The Mayor of Limerick City and County, Cllr Daniel Butler, accompanied by Council Chief Executive Dr Pat Daly and the Honorary Consul of France, Dr Loïc Guyon, travelled to Belgium this week at the invitation of the local authorities of Huy and Landen, the two cities where Patrick Sarsfield was last seen alive.
After he left Ireland during the historical episode known as the Flight of the Wild Geese, Sarsfield became a high-ranking officer in the army of King Louis XIV of France and fought at the battle of Neerwinden (Landen) where he was fatally wounded.
In November 2020, the Honorary Consul of France in Limerick and the Limerick Civic Trust launched the Sarsfield Homecoming Project with the aim of trying to locate Sarsfield’s remains and repatriate them to Ireland.
After months of research and with the help of the city council of Huy, Dr Guyon believes he managed to identify the exact location where Sarsfield was buried, in what used to be the interior of Saint Martin’s church in Huy and is nowadays the back garden of a townhouse.
It turned out that the city of Huy was in the process of purchasing the house in question and the local authorities have promised to grant permission for an archeological dig of the site as soon as the acquisition process is fully complete.
In the meantime, the Mayor of Huy, Bourgmestre Eric Dosogne, invited the Mayor of Limerick, the Chief Executive, the Honorary Consul of France and the CEO of the Civic Trust to visit the city which they did this week on Monday, 19 and Tuesday 20th July.
Upon hearing of the invitation from the Mayor of Huy, the Mayor of Landen also invited the delegation from Limerick to visit the site of the battlefield where Sarsfield was injured.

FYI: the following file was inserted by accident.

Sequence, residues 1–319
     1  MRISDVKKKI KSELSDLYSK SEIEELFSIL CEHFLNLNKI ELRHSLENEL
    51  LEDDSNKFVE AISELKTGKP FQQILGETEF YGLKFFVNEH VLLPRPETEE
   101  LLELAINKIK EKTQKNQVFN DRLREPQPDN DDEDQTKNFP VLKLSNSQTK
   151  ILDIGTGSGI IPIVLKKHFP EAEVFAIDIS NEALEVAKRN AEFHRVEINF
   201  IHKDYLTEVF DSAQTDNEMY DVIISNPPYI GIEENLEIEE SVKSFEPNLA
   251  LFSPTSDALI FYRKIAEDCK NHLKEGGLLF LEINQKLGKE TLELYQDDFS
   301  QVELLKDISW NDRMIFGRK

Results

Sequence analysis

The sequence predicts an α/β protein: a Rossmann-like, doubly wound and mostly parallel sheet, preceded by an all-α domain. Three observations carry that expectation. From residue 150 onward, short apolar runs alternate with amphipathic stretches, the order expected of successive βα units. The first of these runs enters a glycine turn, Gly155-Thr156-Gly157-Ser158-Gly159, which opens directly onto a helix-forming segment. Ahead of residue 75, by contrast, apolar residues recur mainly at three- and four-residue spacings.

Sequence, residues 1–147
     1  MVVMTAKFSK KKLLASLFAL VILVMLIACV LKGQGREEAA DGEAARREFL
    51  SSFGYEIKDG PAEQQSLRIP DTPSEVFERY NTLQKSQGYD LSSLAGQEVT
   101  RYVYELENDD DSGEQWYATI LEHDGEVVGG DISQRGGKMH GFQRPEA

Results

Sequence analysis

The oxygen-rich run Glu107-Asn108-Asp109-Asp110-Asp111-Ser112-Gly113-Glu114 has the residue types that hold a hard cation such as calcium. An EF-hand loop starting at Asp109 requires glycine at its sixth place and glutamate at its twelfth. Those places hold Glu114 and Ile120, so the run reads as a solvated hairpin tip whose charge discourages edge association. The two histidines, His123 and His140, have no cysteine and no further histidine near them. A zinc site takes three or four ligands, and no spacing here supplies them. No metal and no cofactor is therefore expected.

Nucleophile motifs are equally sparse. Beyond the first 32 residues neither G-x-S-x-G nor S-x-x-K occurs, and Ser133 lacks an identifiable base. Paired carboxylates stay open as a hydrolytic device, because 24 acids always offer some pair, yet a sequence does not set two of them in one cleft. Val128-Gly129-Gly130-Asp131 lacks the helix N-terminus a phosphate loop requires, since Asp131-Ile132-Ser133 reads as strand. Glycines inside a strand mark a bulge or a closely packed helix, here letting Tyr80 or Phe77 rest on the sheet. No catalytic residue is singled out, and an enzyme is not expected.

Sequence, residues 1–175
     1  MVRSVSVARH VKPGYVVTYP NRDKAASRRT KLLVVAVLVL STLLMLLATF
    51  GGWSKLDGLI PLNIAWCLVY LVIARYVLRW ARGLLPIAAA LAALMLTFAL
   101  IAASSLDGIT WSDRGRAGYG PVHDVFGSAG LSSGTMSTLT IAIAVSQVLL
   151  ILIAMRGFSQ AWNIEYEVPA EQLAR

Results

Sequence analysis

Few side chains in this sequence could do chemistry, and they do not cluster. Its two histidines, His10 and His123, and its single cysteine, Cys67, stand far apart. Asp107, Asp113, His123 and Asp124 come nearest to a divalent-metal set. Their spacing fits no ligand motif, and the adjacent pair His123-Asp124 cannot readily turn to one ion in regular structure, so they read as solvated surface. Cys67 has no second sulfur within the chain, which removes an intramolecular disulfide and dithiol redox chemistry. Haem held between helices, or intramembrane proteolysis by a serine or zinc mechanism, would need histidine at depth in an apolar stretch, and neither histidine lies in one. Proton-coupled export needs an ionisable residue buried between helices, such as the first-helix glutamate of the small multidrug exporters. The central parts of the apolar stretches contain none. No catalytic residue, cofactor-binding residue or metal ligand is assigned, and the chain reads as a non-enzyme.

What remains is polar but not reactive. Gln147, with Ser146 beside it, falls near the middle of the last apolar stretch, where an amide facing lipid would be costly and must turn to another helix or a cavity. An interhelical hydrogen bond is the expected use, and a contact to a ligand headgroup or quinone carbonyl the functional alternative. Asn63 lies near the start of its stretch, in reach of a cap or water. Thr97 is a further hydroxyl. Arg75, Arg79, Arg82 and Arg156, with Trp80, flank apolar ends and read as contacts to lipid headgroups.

An official reception took place at the City Hall of Huy on Monday 19 July during which Mr Dosogne said that he hoped that the search for the remains of Patrick Sarsfield would lead to the development of more connections between Huy and Limerick.
After expressing Limerick people’s solidarity with Belgium following the recent devastating floods, Mayor Butler thanked the Mayor of Huy for his hospitality and said it was such an honour to be part of’ this European journey involving Ireland, France and Belgium’.
“Earlier this month we celebrated a festival in Limerick to commemorate the Flight of the Wild Geese and I hope that this is just the beginning of a long and lasting friendship between Belgium and Limerick,” Mayor Butler said.
“I hope that we are successful in our mission to find the remains of Patrick Sarsfield and bring them home, and that we can one day host you all in Limerick when you will get to see for yourself our famous Treaty Stone and where it all began for Patrick Sarsfield more than 300 years ago.”
After a presentation of the Sarsfield Homecoming Project by Dr Guyon and an exchange of gifts, the official reception was followed by a tour of the historic centre of Huy which culminated with a visit of the site where Sarsfield is believed to be buried and of the Abbaye d’Aulne, the hospital where he died in 1693.
Mr Christophe Collignon, Minister for Housing and Local Government and former Mayor of Huy, also joined the delegation and said “No matter what the ultimate outcome is going to be, the Sarsfield Homecoming project is already a beautiful endeavour and a great success in that it has brought so many people together, from Ireland, France and Belgium. Also within Belgium itself, with the cities of Huy and Landen are now ready to co-operate in shedding light on that particular period of European history.”
The purchase of the site of the former St Martin’s church in Huy should be completed by October and an application to the Agence Wallone du Patrimoine will then be made so a team of archeologists can be dispatched to the site early next year.